The AIDS problem has been exacerbated by hard economic times hitting the country. Most of Swaziland’s 1.2 million people are either subsistence farmers, work in the sugar cane or forestry sectors or low-paying textile industry

The country’s capital Mbabane exudes a semblance of normalcy – it looks much like any small provincial centre you’d see in South Africa, and when we passed through, a fair amount of building construction was underway.

But the economy is not in good shape, according to the International Monetary Fund:

Swaziland’s financial problems stem from a sudden fall in revenue payments from the Southern African Customs Union but critics of the regime also blame poor economic management and widespread corruption because of the power wielded by Mswati and his inner circle.

In a country where two-thirds of the population live in poverty and one in four adults are HIV-positive, it is extremely vulnerable to the financial squeeze which has had a large impact on basic health and education services.

It has been more than a year since the IMF first advised Africa’s last absolute monarchy to slash its public wage Bill and overhaul its poorly managed economy.

Asian money is starting to flow into Swaziland – as it is in other parts of the country, with Taiwanese investors set to build factories and create jobs for up to 3,000 Swazis.
The country’s economic woes make a direct contribution to the AIDs crisis. While anti retroviral drugs, which keep HIV sufferers alive longer are widely available in Swaziland, their efficacy relies on patients having enough food to take the drugs with. Research from around Africa shows that HIV sufferers who are also struggling to find enough to eat won’t get the protection from antiretrovirals they need.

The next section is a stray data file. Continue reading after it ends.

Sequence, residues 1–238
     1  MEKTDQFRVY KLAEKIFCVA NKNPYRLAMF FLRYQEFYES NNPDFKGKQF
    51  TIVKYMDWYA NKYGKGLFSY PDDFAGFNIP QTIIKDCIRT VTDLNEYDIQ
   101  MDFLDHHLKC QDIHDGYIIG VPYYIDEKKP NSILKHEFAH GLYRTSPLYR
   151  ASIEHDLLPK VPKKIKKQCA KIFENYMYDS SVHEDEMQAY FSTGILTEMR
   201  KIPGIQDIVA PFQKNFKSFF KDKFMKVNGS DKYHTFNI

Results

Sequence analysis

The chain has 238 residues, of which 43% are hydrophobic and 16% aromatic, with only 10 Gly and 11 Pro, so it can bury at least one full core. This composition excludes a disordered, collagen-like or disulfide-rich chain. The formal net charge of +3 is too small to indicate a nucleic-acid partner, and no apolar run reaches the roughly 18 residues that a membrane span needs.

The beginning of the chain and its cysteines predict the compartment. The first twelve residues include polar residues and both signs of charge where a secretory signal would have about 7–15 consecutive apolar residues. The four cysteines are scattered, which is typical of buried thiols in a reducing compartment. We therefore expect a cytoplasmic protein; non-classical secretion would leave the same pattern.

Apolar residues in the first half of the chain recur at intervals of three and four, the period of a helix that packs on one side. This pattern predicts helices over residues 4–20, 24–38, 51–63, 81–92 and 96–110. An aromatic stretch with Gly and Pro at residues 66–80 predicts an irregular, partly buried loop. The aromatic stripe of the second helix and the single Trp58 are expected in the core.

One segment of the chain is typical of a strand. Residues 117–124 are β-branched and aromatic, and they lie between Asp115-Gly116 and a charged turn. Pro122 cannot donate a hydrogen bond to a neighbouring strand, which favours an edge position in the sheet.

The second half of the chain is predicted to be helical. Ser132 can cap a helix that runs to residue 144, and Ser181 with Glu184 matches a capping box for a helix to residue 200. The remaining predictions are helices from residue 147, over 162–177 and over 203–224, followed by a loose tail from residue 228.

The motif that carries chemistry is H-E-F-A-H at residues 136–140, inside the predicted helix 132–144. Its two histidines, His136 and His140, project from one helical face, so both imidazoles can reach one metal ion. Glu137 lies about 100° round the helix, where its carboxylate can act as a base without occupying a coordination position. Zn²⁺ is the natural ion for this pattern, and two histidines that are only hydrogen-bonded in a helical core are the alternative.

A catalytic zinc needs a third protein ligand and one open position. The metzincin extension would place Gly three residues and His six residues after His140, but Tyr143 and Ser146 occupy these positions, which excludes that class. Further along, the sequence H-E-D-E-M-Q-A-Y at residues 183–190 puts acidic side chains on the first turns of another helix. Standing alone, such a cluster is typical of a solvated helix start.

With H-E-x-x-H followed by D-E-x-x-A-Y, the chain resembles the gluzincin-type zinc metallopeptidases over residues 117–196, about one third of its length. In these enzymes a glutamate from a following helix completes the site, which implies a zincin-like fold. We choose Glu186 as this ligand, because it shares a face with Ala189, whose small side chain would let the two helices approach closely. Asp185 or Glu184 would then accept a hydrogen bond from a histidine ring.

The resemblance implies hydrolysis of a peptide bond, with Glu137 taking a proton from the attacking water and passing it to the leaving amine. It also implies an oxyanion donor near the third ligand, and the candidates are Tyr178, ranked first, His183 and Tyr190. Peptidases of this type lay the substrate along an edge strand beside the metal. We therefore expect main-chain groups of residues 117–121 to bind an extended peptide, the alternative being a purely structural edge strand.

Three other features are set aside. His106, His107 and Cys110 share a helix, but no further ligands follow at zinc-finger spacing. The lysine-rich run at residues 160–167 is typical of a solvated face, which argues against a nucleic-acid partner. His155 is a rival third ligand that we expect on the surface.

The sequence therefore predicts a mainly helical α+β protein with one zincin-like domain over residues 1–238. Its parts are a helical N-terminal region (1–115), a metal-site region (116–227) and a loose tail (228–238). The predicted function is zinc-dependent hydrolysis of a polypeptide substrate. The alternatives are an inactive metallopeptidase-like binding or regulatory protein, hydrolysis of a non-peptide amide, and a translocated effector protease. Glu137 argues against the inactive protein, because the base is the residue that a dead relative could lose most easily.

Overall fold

In a study in Northeastern Uganda, consuming only one meal per day and being dependent on caregivers for food were risk factors for ARV non-adherence [21]. In Zambia, the belief that ARVs must be taken with food led individuals to skip doses when they could not access enough to eat [18]. Lack of food was also among the key barriers to ARV adherence in a qualitative study from South Africa

Malabsorption can occur if antiretroviral agents are taken improperly with regard to meals or if they are taken with certain other drugs or herbal remedies. Some commonly prescribed drugs can cause dangerous drug toxicities if they are taken by patients who are also taking certain antiretroviral medications.

The Guardian adds:

A UN survey of 1,334 households in November 2011 suggested that one in four were worse off as a result of shocks such as rising food prices and loss of work. This resulted in reduced food consumption, with some families skipping meals for an entire day.

The report showed households with HIV-positive members were at greater risk and relied more on cheaper meals or skipped meals altogether. A Swazi MP claimed he had encountered impoverished patients mixing cow dung with water to fill their stomachs in order to be able to take ARVs.

Despite their seemingly overwhelming problems, the Swazis I met were friendly and generous. On the outskirts of Mbabane, we stopped at a crafts market to pick up some souvenirs. It had been raining for days, so the traders hadn’t seen many tourists through. They met us eagerly displaying their carved statues of elephants and lions and beautifully illustrated earthenware. I got back onto our tour bus with a bag full of trinkets that probably cost me $20 all up. In Swaziland, that’s the equivalent of three weeks’ wages for many.

A crafts trader at Mbabane, Swaziland